32. 32. The aim of the game : The learners predict what to do with a list of pairs of game objects, check their answers by playing the game and then write down the answers using the passive voice. Prepare to play: Choose an adventure game and start playing it. As you play, make a note of what you do with the objects that appear in the game (or use the walkthrough to save time) and produce a list similar to the example below. Make a copy of this list for each learner. You will also need to use online dictionaries. Play: Hand out the list of objects and tell the learners they are to guess how they are used together in the game. Ask the learners to talk together in groups of three and to use the online dictionaries to find out the meaning of the words they do not understand. After fifteen minutes, stop them and ask them to tell you what they think the relationship is between each pair of objects in the game: e.g. I think you use the hairpin to open the shed, etc. They then play the game together. The game should be easier to play because they know which objects they need to use together, but if they get stuck, encourage them to read the walkthrough to find out what to do next. Finally, once they have played the game (or part of the game if it's long), ask them to look again at the pairs of words and to write about them. Encourage the use of the passive voice here: e.g. The hairpin is used to open the shed, etc. Play on: The learners can continue playing the game and finish off writing passive sentences about the objects.
  33. 33. Finding and using a walkthrough
  34. 34. Escape the room games Multiple computers, multiple games
  35. 35. Gap fill for vocabulary / grammar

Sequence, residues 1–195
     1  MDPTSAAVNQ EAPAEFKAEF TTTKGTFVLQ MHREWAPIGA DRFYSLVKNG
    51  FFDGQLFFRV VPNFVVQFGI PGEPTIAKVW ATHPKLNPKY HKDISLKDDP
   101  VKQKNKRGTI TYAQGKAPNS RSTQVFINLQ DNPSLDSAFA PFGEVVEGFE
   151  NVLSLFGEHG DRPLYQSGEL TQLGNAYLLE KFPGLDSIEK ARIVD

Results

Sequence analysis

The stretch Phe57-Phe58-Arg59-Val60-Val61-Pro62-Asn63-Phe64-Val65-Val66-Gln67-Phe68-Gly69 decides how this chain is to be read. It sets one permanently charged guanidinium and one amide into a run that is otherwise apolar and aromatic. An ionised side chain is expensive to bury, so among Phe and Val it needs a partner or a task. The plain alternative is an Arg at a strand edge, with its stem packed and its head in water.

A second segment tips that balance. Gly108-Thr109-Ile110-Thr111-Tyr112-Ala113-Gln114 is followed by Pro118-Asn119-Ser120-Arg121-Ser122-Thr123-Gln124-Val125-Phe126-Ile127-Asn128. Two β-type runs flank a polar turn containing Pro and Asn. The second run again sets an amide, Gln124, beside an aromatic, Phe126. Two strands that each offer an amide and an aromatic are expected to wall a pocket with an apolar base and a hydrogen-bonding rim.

36. 36. Relay reading
  37. 37. Jigsaw reading
  38. 38. Information gap Samorost 2
  39. 39. Live listening The Viridian Room “Now when you lift the waste-paper basket, you should see a lighter underneath. Pick it up and then move to the kitchen and open the fridge again.”
  40. 40. Observe and write
  41. 41. Observe / vocabulary
  42. 42. “What should we do? Stay in or go out?” “Shall we listen to some music?” “What do you want to do now?” Watch and say
  43. 43. Listening/ questioning “So, the squirrel has stolen your crisps? What are you going to do now? Well, why don't you try looking at the Bookcase to see if there's something There to help you?”
  44. 44. Procedure and practicalities  learner grouping – pairs or groups  use hand-outs – clear instructions / task  teacher uses game guide (walkthrough)  encourage use of English during computer use  learners explore, examine and pick up objects  pause game and reflect on puzzles together  those who solve puzzle tell whole class  discuss where they been and what seen  authentic information gap activity
  45. 45. Further Reading  Bartle (New Riders, 2004) Designing Virtual Worlds  Gee (Palgrave, 2003) What Digital Games Have to Teach Us About Learning and Literacy  Gee (Routledge, 2004) Situated Language and Learning: A critique of traditional schooling  Gee (Peter Lang, 2007) Good Video Games + Good Learning: Collected Essays  Gee (Common Ground, 2005) Why video games are good for your soul  Mawer & Stanley (2011) Digital Play  Prensky (Paragon House, 2001) Digital game-based learning  Prensky (Paragon House, 2006) Don't Bother Me Mom – I'm Learning!  Reinders (ed.) (Palgrave, 2012) Digital Games in Language Learning and Teaching  Sykes & Reinhardt (Pearson, 2013) Language at Play: Digital Games in Second and Foreign Language Teaching and Learning
  46. 46. Learning from games Graham Stanley Montevideo 11th August 2018